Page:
It’s 2008 in Paris, France and Travis Kalanick is trying to catch a cab. The experience is an ordeal when it should only be as simple as a few touch-screen transactions. More than half a decade later and there’s a mobile app for Kalanick’s problem called Uber, which he and his friend, Garrett Camp, created after the Paris ordeal. Uber is now reportedly worth more than $41 billion and a common curbside presence as ubiquitous in America’s major urban centers as downtown taxies are yellow.

The business model — regular people using their vehicles to ferry passengers who otherwise may be forced to endure the lengthy wait times of a conventional cab service — is premised on a much larger 21st-century phenomenon that economists and sociologists alternately refer to as “the sharing economy, the peer economy, the collaborative economy [or] the gig economy,” according to a 2014 New York Times report on the social trend.

Basically, entrepreneurs are finding ways to monetize services and functions that used to be taken for granted. For instance, the application TaskRabbit connects people who couldn’t hammer a nail if the tool were automated with people in a particular area who can get the job done by providing a digital place where consumer and producer can meet up and exchange services at a price — say $15 an hour.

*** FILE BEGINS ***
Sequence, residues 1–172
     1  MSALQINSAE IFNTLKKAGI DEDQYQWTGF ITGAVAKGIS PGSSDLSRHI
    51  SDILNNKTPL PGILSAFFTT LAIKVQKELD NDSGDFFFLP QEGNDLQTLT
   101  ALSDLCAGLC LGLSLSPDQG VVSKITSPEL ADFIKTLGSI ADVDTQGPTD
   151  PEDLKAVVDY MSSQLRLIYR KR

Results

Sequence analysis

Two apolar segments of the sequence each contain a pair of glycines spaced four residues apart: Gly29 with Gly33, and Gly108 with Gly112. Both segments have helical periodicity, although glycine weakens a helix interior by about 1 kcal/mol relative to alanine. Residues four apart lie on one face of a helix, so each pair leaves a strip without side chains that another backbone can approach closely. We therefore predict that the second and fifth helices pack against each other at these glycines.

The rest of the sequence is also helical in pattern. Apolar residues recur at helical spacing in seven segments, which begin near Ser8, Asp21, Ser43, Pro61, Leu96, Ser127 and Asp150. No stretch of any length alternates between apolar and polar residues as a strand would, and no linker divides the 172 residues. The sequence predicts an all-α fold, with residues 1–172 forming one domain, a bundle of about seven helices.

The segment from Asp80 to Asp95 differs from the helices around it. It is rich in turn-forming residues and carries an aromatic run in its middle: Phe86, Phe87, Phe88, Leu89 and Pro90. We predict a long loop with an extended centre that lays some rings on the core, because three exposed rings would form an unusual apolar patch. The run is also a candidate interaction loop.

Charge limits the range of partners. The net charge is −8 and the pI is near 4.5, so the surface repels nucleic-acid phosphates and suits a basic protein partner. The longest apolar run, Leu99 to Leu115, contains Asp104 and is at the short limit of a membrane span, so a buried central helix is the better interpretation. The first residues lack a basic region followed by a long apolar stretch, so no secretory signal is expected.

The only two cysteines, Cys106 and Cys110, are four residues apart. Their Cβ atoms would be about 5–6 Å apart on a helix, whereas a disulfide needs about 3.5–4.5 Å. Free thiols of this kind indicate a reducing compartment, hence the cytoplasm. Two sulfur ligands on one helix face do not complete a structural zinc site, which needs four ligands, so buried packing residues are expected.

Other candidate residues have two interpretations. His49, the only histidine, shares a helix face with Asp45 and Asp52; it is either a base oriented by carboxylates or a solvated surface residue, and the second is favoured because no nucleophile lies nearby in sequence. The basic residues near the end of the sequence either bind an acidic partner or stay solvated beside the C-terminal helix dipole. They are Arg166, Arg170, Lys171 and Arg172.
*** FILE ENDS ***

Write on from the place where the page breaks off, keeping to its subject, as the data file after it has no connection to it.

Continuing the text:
What used to be a chore that people did because it needed to be done becomes something with concrete monetary value and a pool of workers willing to do it. 

That same concept applies to an “aha” moment that occurred much closer to home.

“The idea came about when a buddy of ours in Riverside had moved into an apartment and couldn’t park his car overnight,” said Marcel Krawczyk, 31, who created an online parking spot application along with his two friends and roommates after going through an experience similar to Kalanick’s Paris ordeal.

“The apartment he rented from didn’t have a parking spot, so we started knocking on doors and passing out flyers to help him find a parking spot. We were like, ‘Hey, we can turn this into a model online to help people do the same thing.'”

That revelation turned into, which Krawczyzk started with James Nortier, 24, and Devin Bates, 27 — all roommates who rent in Forest Park. Both their project and their lives are case studies in an economy that’s trending toward work that is based less on cubicles, pensions, 9-to-5 schedules and promotions, and more on Starbucks, flextime and ownership.

Share a Spot is completely self-financed from the three friends’ savings. Bates, who along with Nortier has an extensive background in sales, owns his own fundraising company. Krawczyk, who has an undergraduate degree in computer science and entrepreneurship, owns a marketing company. They all work by satellite in coffee shops in and around Forest Park.

“It’s basically a peer-to-peer parking service so people can rent their parking spaces out to people who need parking,” Bates said.

The application, the result of more than six months of product development and group deliberations, is similar to another sharing economy success story — Airbnb, which makes it “easy for people to rent a spare bedroom or an apartment on a short-term basis [thus generating] income for residents while giving visitors a cheap place to stay,” according to the Times.